The 10 Best Budget Tablets

Updated September 22, 2017 by Daniel Imperiale

10 Best Budget Tablets
Best High-End
Best Mid-Range
Best Inexpensive
We spent 42 hours on research, videography, and editing, to review the top choices for this wiki. Tablet technology has come a long way since Steve Jobs descended from Mt. Apple with the iPad. In the intervening years, a slew of competitors has cropped up to offer comparable options to savvy consumers who want to save some money. Don't let their relatively cheap prices fool you; each of these models has something excellent to offer. When users buy our independently chosen editorial picks, we may earn commissions to support our work. Skip to the best budget tablet on Amazon.

10. Toshiba Encore 2

The Toshiba Encore 2 has a sleek design with a bright, responsive touchscreen, but it costs hundreds of dollars less than some comparable models. If you aren't a fan of Android, then this is the tablet for you, as it runs Windows 8.1, which is great for productivity.
  • comes with microsoft office 365
  • lightweight and easy to hold
  • doesn't have a mini hdmi jack
Brand Toshiba
Model PDW0AU-00601F
Weight 1.4 pounds
Rating 3.6 / 5.0

9. RCA Cambio V2

While some may argue that the RCA Cambio V2 is more than a tablet, we would say that it's also less than a laptop. It operates Windows 10, and comes preinstalled with mobile versions of Word, Excel, and PowerPoint, but it has a slow processor to run it all.
  • starts up very quickly
  • standard and micro usb ports
  • screen is not full hd
Brand RCA
Model W101 V2 Black
Weight 2.9 pounds
Rating 3.9 / 5.0

8. Amazon Fire HD 8-Inch

Evolving slowly, but surely, from a high-quality e-reader to a genuinely competitive computing device, the Amazon Fire HD 8-Inch runs for up to 12 hours with Alexa cloud-based voice service built in. It comes in either 16 or 32 GB configurations.
  • quad-core processor
  • high-definition display
  • low-resolution front-facing camera
Brand Amazon
Model PR53DC
Weight 1.1 pounds
Rating 4.2 / 5.0

7. LG E10 LGV700

If you have a little extra cash to spare, but still can't afford one of the top-rated options, the LG E10 LGV700 makes a suitable replacement. It has a bright and vivid 8-inch IPS display, is compatible with AT&T's GSM network, and has a full-sized USB port.
  • seamless connectivity
  • supports dual-window multitasking
  • movie streaming can be choppy
Brand LG Electronics
Model LGV700
Weight 1.8 pounds
Rating 3.9 / 5.0

6. Dragon Touch X10

The Dragon Touch X10 is like a little gaming PC that you can hold in the palm of your hand. It has an octa-core CPU that runs up to an impressive 2.0 GHz, making it great for multitasking, and it features 10-point, multi-touch technology for extreme accuracy.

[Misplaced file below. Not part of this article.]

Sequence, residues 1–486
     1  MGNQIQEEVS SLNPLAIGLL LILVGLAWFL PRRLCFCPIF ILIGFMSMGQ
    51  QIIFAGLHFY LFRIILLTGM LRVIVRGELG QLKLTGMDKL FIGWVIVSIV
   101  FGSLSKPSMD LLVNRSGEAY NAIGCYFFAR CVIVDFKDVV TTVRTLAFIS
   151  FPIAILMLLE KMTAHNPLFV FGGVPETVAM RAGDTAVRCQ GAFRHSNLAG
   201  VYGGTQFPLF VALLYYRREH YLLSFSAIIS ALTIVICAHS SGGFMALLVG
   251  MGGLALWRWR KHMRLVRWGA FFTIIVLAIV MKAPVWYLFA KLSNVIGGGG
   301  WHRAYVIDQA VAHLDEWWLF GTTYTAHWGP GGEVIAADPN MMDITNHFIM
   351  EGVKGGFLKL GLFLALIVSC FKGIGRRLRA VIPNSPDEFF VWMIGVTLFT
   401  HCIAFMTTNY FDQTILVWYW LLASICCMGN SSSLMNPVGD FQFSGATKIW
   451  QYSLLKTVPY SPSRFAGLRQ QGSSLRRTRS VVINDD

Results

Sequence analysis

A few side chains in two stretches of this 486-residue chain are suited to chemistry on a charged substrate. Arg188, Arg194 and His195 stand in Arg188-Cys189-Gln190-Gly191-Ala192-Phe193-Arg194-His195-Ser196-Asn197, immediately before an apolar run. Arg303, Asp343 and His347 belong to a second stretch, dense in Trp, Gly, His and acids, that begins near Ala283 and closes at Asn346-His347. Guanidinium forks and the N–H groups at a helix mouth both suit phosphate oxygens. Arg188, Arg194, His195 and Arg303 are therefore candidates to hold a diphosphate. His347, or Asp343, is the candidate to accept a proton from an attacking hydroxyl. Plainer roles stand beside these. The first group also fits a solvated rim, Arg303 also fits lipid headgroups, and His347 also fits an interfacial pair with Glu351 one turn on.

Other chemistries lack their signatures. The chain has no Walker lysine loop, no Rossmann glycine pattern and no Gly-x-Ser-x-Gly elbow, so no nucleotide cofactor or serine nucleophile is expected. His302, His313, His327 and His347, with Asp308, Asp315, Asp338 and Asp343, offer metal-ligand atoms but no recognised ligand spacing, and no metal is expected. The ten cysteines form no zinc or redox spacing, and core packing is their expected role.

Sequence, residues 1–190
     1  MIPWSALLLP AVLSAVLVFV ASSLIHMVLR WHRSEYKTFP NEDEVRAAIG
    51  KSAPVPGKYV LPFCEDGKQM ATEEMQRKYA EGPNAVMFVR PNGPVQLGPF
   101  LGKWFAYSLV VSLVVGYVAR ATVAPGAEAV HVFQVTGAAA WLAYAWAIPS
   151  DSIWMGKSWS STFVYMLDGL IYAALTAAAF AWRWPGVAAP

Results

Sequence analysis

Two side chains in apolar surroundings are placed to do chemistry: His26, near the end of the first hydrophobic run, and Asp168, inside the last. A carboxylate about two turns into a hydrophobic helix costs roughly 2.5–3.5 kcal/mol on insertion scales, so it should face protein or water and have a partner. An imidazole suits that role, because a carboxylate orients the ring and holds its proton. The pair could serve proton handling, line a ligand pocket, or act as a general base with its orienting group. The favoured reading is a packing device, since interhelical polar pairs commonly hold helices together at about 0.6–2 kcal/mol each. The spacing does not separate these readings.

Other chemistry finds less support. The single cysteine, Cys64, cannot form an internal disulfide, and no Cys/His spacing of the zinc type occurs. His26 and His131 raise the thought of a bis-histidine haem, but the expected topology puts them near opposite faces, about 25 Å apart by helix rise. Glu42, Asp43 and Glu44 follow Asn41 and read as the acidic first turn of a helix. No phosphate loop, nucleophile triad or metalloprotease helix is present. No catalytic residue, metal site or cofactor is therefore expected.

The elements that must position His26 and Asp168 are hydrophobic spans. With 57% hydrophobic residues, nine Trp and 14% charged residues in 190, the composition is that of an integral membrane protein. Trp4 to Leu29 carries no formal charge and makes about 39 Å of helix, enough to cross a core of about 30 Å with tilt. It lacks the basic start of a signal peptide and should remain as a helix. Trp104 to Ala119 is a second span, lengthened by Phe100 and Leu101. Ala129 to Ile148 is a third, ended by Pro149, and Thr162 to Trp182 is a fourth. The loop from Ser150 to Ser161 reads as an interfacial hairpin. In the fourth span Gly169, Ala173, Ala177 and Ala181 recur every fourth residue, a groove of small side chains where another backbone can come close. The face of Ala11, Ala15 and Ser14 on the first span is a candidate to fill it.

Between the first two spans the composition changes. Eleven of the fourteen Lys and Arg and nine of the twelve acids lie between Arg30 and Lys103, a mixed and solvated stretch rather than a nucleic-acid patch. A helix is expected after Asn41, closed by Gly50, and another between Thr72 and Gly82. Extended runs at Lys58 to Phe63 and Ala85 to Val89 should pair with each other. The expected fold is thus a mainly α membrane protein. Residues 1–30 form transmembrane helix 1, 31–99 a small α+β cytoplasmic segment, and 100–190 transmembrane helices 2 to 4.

• wide 178-degree viewing angle
  • large 10-inch-class screen
  • wi-fi signal seems to fluctuate
Brand Dragon Touch
Model X10
Weight 2.5 pounds
Rating 4.2 / 5.0

5. Lenovo Tab 2 A10

The Lenovo Tab 2 A10 is a 10-inch option that has a fast 2 GB of RAM and 16 GB of flash memory, giving you a good amount of onboard storage and quick access to your apps. It supports lightning-fast LTE connectivity and has an all-day battery life.
  • dolby atmos sound technology
  • 1920x1200 hd display
  • low-quality earphone jack
Brand Lenovo
Model ZA000001US
Weight 1.8 pounds
Rating 4.1 / 5.0

4. Google Nexus 10

The Google Nexus 10 is a bit more expensive than most of the other models on our list, but it's worth every penny. It is housed in a slim case, has high-resolution front and rear cameras, and features one of the sharpest screens available.
  • durable corning-fit glass
  • compatible with qi wireless charging
  • 32 gb onboard storage
Brand Asus
Model NEXUS7 ASUS-2B32
Weight 1.2 pounds
Rating 3.8 / 5.0

3. Apple iPad Mini 2

Thanks in large part to its closed systems, the Apple iPad Mini 2 and its big brothers in the category all enjoy unrivaled smoothness in their operation. This model sports a high-resolution retina display and a seamlessly interactive touchscreen.
  • over 3 million pixels
  • sleek silver finish
  • up to 10 hours of battery life
Brand Apple
Model ME280LL/A
Weight 1.4 pounds
Rating 4.9 / 5.0

2. NeuTab 10.1

You may not have heard of it before, but the NeuTab 10.1 might check all the boxes you need. It has a stable MTK quad-core CPU, and runs Android 6.0 Marshmallow for an impressively smooth gaming and multimedia experience, all while getting nearly 8 hours of battery life.
  • has a micro hdmi port
  • beautiful widescreen display
  • us-based tech support
Brand NeuTab
Model 8.51E+11
Weight 2.2 pounds
Rating 4.9 / 5.0

1. Samsung Galaxy Tab A

The Samsung Galaxy Tab A is powered by a quad-core 1.3 GHz Snapdragon 410 processor that gives you blazing fast speeds in the palm of your hand. It also has 1.5 GB of RAM and is equipped with 8 GB of internal storage, as well as dual cameras for your photos and videos.
  • 11 hours of battery life per charge
  • comes with a built-in radio app
  • supports micro sd cards up to 200 gb
Brand Samsung
Weight 16 ounces
Rating 4.8 / 5.0

Costs Come Down, Quality Stays The Same

Despite calls that there wasn't much of a market to speak of for a device that essentially split the difference between your smartphone and your computer, the tablet has proven that a significant majority of the population sees it as a necessary addition to the technology landscape. It makes sense that they've caught on, as they offer all the functionality of your phone with a lot more screen real estate, and they have the potential to provide all the power and usefulness of our lightest laptops.